Depending on where the parents come from – and the majority of these parents come from Mexico – there’s an assumption that a parent doesn’t have a large voice in what happens in school. They’ve not been made to feel welcome in school generally. (If you are a teacher or administrator), do reach out and let these parents know there is an expectation at the school of “We want you to participate” and “We want to have these conversations with you.” Of course, that means you have to have somebody at the school who can have these conversations. Don’t assume that parents don’t want to participate. It’s cultural. It has to be counteracted. The Parent Institute for Quality Education has done this. They do a whole series talking to parents in their own language, teaching them what it is that parents are expected to do, what they can do right there at the school level, what’s required to graduate and get into college, to become their own advocates. If you’re a parent, go to your principal and request a program like this. There is no way that teachers are going to know things. It’s critical that parents become knowledgeable.
CW: Proposition 227 limited bilingual education in California, but there are exceptions many parents are not aware of. Can you explain?
PG: Parents don’t know about it. Principals don’t know about it. Any child over 10 years old virtually has automatic exemption. The law is for children basically under 10 years of age. If a child is over 10 years old and the school feels it may provide a better program, the child is exempt. Parents – you just need a group of 20 parents – can go demand that they want a class or some classes in a language that their children can understand or that they want the children to be taught bilingually. There’s a waiver, and schools are by law required to have these forms available for the parents. If the school cannot for whatever reason provide for this, they are legally obligated to provide for the child or children to transfer to a school where there is such a class.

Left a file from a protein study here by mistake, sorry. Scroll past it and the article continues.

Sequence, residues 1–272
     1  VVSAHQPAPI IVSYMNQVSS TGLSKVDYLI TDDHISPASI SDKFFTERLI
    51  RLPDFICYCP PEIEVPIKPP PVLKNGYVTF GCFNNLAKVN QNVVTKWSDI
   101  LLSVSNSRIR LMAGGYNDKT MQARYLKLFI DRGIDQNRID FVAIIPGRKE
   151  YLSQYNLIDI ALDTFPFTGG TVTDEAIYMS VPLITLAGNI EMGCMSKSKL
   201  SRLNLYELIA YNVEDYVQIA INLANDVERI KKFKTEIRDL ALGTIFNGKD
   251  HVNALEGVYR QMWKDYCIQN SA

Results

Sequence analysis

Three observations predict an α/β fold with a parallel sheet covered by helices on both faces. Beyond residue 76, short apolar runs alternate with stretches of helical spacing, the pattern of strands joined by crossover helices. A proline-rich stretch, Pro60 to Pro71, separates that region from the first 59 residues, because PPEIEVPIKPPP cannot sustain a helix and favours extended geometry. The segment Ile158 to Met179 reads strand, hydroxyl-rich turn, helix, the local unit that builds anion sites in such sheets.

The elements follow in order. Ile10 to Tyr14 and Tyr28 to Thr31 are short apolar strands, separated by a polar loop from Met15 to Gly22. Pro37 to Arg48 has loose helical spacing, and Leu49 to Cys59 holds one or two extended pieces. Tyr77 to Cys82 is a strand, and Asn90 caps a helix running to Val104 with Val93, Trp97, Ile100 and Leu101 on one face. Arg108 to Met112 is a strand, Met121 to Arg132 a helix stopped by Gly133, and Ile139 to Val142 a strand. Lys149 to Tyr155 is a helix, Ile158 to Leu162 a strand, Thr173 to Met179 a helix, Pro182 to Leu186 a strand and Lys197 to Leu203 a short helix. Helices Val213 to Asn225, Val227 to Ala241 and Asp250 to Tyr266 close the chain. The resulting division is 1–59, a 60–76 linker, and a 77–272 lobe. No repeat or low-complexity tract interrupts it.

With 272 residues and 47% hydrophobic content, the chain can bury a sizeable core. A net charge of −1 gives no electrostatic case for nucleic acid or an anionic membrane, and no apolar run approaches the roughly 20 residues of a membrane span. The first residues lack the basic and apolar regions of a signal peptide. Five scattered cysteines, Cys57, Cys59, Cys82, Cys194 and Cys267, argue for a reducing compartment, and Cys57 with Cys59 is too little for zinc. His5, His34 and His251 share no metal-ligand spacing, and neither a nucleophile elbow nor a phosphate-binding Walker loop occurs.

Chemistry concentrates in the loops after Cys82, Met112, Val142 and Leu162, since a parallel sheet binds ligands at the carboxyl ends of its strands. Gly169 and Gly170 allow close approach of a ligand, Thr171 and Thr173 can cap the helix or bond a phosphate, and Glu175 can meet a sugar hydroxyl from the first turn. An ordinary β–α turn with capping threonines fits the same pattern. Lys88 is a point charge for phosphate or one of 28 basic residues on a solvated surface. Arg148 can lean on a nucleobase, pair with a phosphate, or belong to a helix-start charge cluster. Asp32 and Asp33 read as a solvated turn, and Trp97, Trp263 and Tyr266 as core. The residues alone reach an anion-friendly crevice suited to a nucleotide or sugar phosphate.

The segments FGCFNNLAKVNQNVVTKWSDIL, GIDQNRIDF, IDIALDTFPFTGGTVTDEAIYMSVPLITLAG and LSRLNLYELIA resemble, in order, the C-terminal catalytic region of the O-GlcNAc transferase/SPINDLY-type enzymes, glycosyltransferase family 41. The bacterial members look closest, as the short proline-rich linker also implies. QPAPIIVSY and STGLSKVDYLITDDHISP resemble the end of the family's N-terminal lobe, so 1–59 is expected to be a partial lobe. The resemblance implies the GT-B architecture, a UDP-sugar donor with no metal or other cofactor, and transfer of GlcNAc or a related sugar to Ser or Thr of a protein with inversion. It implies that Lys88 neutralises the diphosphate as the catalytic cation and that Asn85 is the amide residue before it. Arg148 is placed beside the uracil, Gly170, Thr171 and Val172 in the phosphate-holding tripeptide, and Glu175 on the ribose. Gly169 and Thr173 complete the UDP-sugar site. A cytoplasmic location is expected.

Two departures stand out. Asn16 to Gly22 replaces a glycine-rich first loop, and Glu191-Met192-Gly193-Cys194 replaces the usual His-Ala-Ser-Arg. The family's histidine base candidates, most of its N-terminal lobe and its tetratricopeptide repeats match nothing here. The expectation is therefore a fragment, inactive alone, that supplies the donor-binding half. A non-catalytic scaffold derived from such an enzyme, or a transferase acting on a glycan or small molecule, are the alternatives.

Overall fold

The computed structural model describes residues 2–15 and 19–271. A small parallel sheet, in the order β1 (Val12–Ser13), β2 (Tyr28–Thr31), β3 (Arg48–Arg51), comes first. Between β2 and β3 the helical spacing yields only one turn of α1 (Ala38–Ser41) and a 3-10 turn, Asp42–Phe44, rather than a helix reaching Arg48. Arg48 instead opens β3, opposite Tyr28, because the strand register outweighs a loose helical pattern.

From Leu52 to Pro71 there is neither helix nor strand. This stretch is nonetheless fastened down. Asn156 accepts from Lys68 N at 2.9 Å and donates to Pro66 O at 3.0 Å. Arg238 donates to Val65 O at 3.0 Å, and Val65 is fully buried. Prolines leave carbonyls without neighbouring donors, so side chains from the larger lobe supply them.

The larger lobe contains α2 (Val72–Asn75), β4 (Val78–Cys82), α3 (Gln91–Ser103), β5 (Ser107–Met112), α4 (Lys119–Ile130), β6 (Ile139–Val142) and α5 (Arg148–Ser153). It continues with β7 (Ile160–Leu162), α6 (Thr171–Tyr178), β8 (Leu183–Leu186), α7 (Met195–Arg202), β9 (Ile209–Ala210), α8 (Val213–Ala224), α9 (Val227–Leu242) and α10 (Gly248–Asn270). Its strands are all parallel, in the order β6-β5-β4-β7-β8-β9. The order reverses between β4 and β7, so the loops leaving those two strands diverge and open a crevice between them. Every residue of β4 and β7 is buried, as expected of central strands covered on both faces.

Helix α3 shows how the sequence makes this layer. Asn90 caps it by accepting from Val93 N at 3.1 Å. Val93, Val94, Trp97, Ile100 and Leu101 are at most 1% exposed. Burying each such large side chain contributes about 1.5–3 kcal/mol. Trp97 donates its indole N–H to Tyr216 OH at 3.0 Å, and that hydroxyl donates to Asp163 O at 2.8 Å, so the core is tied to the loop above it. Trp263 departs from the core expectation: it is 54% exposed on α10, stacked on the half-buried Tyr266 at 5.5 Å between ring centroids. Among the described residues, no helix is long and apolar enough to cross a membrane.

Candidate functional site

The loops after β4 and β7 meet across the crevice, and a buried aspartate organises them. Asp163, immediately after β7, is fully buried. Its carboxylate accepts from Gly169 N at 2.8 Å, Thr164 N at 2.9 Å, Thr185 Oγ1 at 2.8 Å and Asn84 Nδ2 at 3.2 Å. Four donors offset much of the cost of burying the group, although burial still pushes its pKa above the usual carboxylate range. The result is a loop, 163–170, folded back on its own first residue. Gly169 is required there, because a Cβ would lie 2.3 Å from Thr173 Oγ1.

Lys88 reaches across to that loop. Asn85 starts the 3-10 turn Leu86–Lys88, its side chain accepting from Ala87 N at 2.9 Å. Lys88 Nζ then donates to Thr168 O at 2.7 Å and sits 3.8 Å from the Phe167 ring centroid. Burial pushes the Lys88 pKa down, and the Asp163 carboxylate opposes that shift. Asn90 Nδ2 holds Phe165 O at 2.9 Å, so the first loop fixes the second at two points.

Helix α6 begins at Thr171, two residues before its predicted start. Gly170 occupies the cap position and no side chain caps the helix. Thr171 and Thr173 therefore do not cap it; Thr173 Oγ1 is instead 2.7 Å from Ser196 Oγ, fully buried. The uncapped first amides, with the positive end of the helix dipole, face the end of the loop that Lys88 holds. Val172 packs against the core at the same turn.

CW: What is Project SOL?
PG: It’s a collaboration between the Mexican government and University of California. About eight years ago, we engaged with the Mexican government to use a Mexican curriculum, which we aligned to meet California standards, in math and science. Kids here in California can take biology or chemistry or geometry. If they’re successful in these courses, they get credit for it. We’ve been doing this in four schools around the state. We’ve had more than a thousand course enrollments. It’s online, but kids access it in the classroom. It’s all mediated by a teacher. (Learn more about Project SOL at http://civilrightsproject.ucla.edu/projects/project-sol.)
There are a number of government agencies and organizations dedicated to bilingual education and/or closing the achievement gap. Here are several key players:
California Department of Education
Phone: 916-319-0800 (general), 916-319-0938 (English Learner Support Division)
Write: 1430 N. St.
Sacramento, CA 95814-5901
California Department of Education’s Closing the Achievement Gap initiative
The Civil Rights Project at UCLA
Write: 8370 Math Sciences, Box 951521
Los Angeles, CA 90095-1521
MALDEF (Mexican American Legal Defense and Educational Fund)
Write: 634 S. Spring St.
Los Angeles, CA 90014
Padres Promotores de la Educación
Write: Office of School & Community Partnerships
Santa Ana College
1530 W. 17th St.
Santa Ana, CA 92706
Partnership for 21st Century Skills
Write: 1 Massachusetts Ave., Suite 700
Washington, DC 20001
White House Initiative on Educational Excellence for Hispanics
Write: 400 Maryland Ave. SW
Washington, DC 20202